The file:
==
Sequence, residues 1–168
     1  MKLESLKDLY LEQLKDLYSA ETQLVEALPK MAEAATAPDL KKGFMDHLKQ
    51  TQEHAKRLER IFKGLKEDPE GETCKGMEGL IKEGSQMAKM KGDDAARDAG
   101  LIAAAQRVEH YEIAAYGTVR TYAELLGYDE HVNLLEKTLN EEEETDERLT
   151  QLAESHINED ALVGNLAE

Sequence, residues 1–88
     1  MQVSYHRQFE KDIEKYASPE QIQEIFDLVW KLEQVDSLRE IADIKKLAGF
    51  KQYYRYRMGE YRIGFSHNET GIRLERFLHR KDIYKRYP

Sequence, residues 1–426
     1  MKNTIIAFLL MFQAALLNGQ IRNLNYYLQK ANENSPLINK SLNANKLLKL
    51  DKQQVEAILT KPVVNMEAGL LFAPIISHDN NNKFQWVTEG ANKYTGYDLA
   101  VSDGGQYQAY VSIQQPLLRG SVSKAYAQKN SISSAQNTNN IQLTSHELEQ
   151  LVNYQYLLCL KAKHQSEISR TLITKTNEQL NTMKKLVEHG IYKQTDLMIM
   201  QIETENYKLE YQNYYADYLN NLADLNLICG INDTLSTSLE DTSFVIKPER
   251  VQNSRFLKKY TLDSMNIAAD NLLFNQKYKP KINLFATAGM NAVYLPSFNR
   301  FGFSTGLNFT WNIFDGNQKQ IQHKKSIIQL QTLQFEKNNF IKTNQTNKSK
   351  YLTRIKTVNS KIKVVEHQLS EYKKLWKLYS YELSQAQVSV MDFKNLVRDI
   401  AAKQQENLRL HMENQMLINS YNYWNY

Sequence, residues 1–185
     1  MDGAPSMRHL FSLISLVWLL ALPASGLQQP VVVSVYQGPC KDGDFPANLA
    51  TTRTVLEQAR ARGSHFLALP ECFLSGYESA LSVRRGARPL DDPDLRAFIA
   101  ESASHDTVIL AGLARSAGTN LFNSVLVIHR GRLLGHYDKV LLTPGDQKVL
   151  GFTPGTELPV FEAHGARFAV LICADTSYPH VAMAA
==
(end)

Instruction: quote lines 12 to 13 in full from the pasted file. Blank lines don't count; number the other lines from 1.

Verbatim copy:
   101  VSDGGQYQAY VSIQQPLLRG SVSKAYAQKN SISSAQNTNN IQLTSHELEQ
   151  LVNYQYLLCL KAKHQSEISR TLITKTNEQL NTMKKLVEHG IYKQTDLMIM